As Eryk Anders makes the move from Fight Ready to The MMA Lab in preparation for his UFC 289 bout against Marc-Andre Barriault, it may be time to call the well-traveled middleweight a ronin when it comes to his mixed martial arts career, one that isn’t about the destination, but the journey.
Along the way, there’s no drama, no hard feelings, no nasty barbs traded in social media outlets; it’s just a quest for knowledge that won’t ever end.
“I spent a lot of time traveling,” said Anders. “I went to Marquez MMA up in Philly, I trained a lot at Fusion X-Cel in Orlando. You enhance your skills by training with other people, seeing the different techniques and skillsets and things like that. And you take it, and you apply it. Phil Rowe, for example, is a good training partner, but I can't fight like Phil Rowe. I'm not built like him and I don't have the same skillset, but I can be exposed to some of the things that he does, and when I train to fight an opponent like Phil Rowe, I can fall back on that. Or maybe I learned something from Joe Pyfer or Andre Petroski up there in Philly or I like a technique that John Marquez showed me and I can apply it to my game. I don't think that one coach knows everything. So I think it's up to me, the fighter, to go travel, learn, experience and see what sticks.”
And as far as his training home, Anders is a little over ten miles from his old gym at the MMA Lab run by veteran coach John Crouch. There are still UFC-level training partners, world-class coaching, and “Ya Boi” fit right in with his new crew as he heads into the twilight of his career.
“I’ve got five fights left and I'm going to retire,” Anders said. “So what do I have to do to win these last five fights? I've been around the game a while, so I'm not saying everybody knows me, but I know a lot of people. So it was easy to make those connections and bridge those gaps when it comes to the best possible combination of coaching, training partners and things like that. I wanted to go to a gym where this is all they do – fight and train. John Crouch does nothing else but coach.”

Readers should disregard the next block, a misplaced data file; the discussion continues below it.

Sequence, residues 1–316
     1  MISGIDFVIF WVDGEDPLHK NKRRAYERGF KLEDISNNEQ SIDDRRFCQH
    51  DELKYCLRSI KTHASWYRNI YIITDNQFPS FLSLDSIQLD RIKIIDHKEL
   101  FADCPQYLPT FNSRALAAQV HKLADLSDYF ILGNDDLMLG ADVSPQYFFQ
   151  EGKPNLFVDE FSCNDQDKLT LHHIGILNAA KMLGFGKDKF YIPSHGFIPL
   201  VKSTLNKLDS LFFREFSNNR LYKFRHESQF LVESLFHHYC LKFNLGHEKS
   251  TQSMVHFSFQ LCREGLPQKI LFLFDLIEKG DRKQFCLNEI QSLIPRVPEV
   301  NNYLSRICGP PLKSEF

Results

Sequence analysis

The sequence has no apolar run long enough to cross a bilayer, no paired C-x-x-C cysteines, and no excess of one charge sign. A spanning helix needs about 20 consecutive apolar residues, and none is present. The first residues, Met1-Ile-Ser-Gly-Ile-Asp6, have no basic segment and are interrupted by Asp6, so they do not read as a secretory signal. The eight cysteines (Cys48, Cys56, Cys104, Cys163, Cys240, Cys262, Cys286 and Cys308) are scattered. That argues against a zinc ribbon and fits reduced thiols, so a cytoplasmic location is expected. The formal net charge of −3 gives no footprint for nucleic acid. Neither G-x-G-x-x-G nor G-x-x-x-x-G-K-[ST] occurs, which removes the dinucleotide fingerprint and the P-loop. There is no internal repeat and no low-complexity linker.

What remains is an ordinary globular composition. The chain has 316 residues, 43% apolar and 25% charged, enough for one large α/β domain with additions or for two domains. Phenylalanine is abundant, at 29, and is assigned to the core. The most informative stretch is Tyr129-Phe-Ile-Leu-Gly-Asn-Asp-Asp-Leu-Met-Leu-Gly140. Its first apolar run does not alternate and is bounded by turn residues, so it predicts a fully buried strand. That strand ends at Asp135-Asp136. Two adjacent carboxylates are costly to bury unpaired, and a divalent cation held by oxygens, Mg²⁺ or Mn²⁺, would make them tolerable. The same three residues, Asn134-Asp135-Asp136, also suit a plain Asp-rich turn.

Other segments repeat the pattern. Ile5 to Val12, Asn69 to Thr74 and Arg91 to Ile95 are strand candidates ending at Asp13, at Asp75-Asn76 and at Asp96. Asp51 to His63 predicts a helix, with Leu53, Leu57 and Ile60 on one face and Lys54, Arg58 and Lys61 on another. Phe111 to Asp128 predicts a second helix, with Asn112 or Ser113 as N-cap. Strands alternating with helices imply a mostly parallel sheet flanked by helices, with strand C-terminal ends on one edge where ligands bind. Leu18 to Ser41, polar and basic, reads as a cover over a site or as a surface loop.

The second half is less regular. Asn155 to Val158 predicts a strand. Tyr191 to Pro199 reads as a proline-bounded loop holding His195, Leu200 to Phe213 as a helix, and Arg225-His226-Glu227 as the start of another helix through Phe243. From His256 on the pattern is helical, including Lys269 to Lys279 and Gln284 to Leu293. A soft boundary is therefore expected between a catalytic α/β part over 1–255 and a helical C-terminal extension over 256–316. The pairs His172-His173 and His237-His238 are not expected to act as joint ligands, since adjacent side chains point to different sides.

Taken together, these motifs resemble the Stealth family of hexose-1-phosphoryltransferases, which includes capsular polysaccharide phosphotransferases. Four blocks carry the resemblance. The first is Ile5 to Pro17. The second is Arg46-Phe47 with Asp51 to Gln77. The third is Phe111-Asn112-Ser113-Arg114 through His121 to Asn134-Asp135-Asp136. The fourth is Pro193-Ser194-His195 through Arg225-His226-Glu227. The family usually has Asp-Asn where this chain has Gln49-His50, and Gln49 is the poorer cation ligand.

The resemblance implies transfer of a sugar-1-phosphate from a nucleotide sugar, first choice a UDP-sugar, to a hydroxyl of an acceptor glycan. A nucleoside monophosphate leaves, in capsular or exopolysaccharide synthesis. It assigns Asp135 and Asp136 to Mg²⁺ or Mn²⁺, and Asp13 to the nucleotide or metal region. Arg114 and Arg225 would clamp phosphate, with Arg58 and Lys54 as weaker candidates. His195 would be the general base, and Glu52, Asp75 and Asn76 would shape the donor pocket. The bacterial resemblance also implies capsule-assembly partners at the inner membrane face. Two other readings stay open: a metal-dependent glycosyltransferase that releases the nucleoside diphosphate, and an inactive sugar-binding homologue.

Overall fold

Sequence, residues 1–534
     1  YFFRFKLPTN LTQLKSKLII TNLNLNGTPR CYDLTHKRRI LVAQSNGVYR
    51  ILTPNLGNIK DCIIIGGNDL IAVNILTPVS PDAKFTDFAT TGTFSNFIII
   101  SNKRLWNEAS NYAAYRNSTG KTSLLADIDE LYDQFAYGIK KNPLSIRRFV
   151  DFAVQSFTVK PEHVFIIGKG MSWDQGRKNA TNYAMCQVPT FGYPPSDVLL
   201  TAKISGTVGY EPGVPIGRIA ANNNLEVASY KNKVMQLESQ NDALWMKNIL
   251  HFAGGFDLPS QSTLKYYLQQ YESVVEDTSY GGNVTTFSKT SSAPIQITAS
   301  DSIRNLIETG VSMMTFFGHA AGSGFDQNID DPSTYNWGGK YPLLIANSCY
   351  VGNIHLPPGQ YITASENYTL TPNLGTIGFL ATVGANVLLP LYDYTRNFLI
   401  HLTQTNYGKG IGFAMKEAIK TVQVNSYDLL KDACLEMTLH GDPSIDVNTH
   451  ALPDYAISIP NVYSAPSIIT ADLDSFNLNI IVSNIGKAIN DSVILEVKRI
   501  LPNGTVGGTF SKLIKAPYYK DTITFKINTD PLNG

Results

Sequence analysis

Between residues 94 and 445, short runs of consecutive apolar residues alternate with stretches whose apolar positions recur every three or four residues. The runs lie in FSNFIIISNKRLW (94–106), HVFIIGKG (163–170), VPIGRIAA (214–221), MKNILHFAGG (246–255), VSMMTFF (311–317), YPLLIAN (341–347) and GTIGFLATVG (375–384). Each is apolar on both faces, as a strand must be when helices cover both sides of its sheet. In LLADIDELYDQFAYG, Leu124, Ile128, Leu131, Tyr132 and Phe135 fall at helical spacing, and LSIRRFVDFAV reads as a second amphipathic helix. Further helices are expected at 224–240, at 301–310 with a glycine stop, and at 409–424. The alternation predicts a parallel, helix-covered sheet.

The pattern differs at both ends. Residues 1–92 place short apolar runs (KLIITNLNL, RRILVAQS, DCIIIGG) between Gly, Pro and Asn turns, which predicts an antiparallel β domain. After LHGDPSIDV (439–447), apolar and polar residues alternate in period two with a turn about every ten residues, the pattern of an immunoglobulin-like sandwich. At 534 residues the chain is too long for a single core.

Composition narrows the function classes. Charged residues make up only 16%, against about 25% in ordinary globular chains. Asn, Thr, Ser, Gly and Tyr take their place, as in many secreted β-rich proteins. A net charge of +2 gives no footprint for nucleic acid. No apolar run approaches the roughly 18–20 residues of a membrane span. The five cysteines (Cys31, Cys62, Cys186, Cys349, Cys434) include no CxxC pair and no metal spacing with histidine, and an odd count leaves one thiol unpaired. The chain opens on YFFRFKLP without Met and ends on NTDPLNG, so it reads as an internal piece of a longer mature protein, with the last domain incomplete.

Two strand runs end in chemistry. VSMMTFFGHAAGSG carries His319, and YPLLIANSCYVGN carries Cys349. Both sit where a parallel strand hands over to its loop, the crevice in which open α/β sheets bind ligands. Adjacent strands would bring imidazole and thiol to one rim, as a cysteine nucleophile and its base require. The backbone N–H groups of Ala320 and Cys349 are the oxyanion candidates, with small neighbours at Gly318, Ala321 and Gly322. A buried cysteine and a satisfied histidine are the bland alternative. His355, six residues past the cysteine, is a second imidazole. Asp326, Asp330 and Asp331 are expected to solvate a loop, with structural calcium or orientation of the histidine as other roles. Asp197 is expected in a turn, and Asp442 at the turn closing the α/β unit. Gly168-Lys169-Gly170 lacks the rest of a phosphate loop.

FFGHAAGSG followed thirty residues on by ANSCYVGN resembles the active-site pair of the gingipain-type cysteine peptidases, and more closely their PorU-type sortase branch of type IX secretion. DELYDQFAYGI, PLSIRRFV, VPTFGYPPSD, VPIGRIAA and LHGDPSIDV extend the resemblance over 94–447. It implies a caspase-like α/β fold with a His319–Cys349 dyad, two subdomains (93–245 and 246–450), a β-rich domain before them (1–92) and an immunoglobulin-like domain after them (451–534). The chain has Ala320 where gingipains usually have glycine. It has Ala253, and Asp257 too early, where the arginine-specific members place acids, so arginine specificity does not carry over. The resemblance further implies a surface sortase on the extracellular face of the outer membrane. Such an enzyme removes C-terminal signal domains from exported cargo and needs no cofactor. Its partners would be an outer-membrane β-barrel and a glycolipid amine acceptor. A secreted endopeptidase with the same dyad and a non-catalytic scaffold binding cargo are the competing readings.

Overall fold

True, but what about this “five fights and out” thing? Win five straight fights in the wide-open middleweight division and that might mean a title shot. The 36-year-old Anders is well aware of that possibility, and of how planned retirements usually go in combat sports, but he’s sticking to his guns.
“That used to be the dream, but, at this point, I'm 36,” he said. “Yeah, I'd like to win those five fights, but I don't care about that belt no more; I don't care about that number next to my name anymore. I'm just trying to cash out and then move on to the next adventure, whatever it is.”
It’s a bold, but smart, move, especially given Anders’ reasoning. It’s not that he doesn’t think he can compete at this level past those five fights, but he’s got a family that he doesn’t want to miss anymore time with as he travels for training camps.
“My kids are getting older, so they’re more important to me than any of this stuff,” the father of two boys said. “At the moment right now, I'm trying to get my money, build my legacy and try to set them up. But if I keep fighting, they're going to mess around and graduate high school and I’ll miss their life.”
And having been around high-level athletes for most of his life, not just in the fight game but when he was a member of the University of Alabama’s football team, he knows just how hard it is to walk away. That knowledge is making his decision easier.
“I just think the problem with athletes is that they never have an end time,” Anders said. “They fight and fight and fight. Look at Roy Jones Jr., for example. He probably would have been considered as the best boxer of all-time, but the guy's 50-something years old and still fighting. I don't want to say his record is tarnished, because I’m not trying to disrespect the guy; he is doing what he loved and it is what it is, but if he had retired 10 years ago, people would see and talk about Roy Jones Jr. in a different light.”
Anders wants to go out on his own terms. That means getting these five fights in, making it a nice and tidy 20 in the UFC, and then walking away.
You know what?
I think if there’s one fighter who can stick to that plan, it’s him.
UFC 289: Nunes vs Aldana took place live from the Rogers Arena in Vancouver, Canada on June 10, 2023. See the Final Results, Official Scorecards and Who Won Bonuses - and relive the action on UFC Fight Pass!